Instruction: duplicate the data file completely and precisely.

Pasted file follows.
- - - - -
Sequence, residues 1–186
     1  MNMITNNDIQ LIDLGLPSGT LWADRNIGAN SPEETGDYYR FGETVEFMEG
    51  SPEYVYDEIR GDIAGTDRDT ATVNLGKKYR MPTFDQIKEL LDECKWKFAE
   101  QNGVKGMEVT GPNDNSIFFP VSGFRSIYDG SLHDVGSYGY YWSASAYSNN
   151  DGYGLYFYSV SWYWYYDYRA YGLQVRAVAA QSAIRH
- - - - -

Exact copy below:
Sequence, residues 1–186
     1  MNMITNNDIQ LIDLGLPSGT LWADRNIGAN SPEETGDYYR FGETVEFMEG
    51  SPEYVYDEIR GDIAGTDRDT ATVNLGKKYR MPTFDQIKEL LDECKWKFAE
   101  QNGVKGMEVT GPNDNSIFFP VSGFRSIYDG SLHDVGSYGY YWSASAYSNN
   151  DGYGLYFYSV SWYWYYDYRA YGLQVRAVAA QSAIRH